That was quick

114 Hendrie Avenue, that of the hanging GE refrigerator, quickly attracted numerous bids after it came on last week at $790,000 and on Sunday the seller accepted one of them – not my client’s, alas, but what can you do? I’m told that the winning family bid higher, probably because unlike the rest of those interested, they intend to live there. A few hundred thousand into renovations and you’re in an almost-new home in Riverside for around a $1 million. These days, that’s a deal.

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3 responses to “That was quick

  1. Westchesterer

    You’re saying they have an offer above asking? ZIRP and printing – wouldn’t surprise me at all. Nice little street with a lot of people jogging, walking their dogs, etc. In between a school and a park. Saw two agent showing the property on Saturday. Only problem was the wetlands. In some Westchester towns the P&Z thugs have taken people to the woodshed over wetlands. Don’t know about Greenwich.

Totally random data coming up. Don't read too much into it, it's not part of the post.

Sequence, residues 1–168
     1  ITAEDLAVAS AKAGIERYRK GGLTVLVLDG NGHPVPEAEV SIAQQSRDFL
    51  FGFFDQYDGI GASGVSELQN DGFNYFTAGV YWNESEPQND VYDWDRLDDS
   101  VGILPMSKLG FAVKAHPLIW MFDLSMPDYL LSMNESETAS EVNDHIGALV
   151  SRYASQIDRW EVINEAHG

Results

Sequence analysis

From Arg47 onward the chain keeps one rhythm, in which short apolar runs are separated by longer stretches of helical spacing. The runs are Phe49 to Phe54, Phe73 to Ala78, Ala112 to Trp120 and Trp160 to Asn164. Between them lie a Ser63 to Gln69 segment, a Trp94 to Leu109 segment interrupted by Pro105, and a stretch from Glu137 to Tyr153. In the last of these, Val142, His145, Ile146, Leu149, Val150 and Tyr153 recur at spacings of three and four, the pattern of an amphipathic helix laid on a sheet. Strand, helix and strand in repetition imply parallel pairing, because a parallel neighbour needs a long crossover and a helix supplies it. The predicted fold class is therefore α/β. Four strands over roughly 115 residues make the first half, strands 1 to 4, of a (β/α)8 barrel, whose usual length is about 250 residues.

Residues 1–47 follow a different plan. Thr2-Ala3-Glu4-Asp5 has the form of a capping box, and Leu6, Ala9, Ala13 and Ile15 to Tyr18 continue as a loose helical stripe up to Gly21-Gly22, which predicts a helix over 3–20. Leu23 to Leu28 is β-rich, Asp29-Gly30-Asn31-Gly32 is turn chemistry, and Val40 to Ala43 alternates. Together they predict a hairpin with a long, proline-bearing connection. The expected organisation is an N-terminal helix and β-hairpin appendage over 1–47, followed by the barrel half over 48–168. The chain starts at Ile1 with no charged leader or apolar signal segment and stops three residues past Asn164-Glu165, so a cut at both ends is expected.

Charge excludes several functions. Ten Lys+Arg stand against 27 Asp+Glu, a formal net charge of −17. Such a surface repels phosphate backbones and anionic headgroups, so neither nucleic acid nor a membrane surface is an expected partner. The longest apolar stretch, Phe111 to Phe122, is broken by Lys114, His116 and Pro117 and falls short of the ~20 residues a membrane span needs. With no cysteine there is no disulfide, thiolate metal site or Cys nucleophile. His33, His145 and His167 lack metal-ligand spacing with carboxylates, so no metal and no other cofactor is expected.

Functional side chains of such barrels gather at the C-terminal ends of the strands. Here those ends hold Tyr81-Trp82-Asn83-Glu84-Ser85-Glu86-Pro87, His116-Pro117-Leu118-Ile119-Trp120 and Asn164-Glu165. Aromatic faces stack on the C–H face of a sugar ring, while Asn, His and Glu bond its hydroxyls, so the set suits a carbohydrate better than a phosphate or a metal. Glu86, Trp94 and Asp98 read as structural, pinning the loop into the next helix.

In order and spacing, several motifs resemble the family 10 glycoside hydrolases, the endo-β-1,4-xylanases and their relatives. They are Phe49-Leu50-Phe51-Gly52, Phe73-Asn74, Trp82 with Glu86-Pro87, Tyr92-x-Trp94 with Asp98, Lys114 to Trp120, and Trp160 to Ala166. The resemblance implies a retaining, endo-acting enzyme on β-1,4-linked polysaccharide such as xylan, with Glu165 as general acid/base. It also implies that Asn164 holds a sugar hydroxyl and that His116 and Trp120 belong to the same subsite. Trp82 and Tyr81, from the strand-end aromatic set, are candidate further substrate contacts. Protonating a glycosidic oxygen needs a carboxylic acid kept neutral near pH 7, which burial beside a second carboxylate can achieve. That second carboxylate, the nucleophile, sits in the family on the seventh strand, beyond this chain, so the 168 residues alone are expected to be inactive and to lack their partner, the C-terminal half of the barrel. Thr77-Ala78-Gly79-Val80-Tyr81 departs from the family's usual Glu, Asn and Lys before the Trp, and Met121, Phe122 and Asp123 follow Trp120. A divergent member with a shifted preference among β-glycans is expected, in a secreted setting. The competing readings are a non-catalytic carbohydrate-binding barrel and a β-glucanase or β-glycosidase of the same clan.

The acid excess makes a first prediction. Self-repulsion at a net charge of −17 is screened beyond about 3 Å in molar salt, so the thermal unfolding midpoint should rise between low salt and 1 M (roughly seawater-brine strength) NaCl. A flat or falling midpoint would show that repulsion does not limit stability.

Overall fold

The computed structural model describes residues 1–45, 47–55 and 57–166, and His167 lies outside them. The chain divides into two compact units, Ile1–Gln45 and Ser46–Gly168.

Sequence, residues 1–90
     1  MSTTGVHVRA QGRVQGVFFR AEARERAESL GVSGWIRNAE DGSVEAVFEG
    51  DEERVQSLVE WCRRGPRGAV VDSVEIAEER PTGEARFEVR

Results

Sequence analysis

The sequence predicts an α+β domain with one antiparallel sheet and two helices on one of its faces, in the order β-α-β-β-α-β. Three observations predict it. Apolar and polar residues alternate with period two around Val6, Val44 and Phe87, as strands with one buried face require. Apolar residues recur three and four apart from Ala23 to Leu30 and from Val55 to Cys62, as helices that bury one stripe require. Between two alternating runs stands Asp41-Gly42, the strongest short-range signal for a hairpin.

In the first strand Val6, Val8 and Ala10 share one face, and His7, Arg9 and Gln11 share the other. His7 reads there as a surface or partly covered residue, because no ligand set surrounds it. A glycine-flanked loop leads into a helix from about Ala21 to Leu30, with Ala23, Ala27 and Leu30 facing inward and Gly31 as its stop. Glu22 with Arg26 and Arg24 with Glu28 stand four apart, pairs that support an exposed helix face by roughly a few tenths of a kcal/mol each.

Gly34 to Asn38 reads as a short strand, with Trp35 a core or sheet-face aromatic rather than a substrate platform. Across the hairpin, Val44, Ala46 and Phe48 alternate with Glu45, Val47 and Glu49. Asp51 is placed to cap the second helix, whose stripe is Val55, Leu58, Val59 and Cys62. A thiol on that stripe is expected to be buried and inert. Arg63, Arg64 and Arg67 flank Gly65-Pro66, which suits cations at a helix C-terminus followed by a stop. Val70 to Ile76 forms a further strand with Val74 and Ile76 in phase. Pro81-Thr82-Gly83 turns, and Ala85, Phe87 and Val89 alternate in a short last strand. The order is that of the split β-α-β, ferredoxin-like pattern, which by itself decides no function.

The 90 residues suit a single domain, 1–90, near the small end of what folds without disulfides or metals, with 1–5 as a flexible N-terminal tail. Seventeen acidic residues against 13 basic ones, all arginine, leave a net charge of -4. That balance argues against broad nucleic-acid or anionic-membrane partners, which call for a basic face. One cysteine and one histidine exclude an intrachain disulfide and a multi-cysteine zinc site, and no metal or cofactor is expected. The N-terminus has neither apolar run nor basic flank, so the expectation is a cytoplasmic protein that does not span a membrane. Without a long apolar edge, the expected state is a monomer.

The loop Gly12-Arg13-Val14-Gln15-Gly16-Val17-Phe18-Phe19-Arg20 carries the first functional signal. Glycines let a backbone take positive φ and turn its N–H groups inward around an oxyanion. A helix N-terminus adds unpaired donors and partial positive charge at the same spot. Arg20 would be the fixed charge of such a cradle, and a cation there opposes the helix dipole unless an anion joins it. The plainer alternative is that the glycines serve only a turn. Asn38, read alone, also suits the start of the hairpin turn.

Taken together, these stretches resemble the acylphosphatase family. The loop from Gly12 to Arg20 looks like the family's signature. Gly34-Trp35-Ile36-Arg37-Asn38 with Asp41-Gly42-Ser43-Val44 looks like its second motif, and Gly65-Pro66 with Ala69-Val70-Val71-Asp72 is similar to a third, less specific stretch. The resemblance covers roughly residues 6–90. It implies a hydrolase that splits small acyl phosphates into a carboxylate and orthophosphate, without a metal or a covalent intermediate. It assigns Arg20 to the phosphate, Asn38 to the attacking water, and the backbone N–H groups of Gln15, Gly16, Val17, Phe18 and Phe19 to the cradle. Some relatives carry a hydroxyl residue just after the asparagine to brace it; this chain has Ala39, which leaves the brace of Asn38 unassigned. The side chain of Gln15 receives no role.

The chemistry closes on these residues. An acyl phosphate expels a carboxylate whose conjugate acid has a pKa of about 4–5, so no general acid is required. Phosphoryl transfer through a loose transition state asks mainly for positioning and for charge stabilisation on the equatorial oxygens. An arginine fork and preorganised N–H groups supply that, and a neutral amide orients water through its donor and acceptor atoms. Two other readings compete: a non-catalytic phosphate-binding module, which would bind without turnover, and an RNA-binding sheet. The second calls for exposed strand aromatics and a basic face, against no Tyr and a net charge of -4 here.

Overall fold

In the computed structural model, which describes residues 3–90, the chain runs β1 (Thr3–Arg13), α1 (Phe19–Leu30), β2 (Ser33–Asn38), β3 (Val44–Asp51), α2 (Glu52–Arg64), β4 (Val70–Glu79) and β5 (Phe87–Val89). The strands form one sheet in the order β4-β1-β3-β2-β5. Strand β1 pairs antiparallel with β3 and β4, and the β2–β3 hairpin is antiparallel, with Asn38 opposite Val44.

• Not necessarily above asking price, Westchester – I don’t know the exact winning price – but higher than the rest all or most of which, I understand, were cash, no contingencies, immediate closing. The patch of wetlands on this lot will not interfere with building new or, as seems to be the case here, renovating the original house. There are wetlands, and then there are wetlands. Not a big deal with this property.

  2. Anonymous

    Easiest way to make sure your bid wins…
    Be the one that goes just above asking price. Works every time, and then you don’t have to explain to people why your bid wasn’t good enough.
    Result:
    You get the house
    People think you have bucks to spare
    And cash for renovations
    Win win win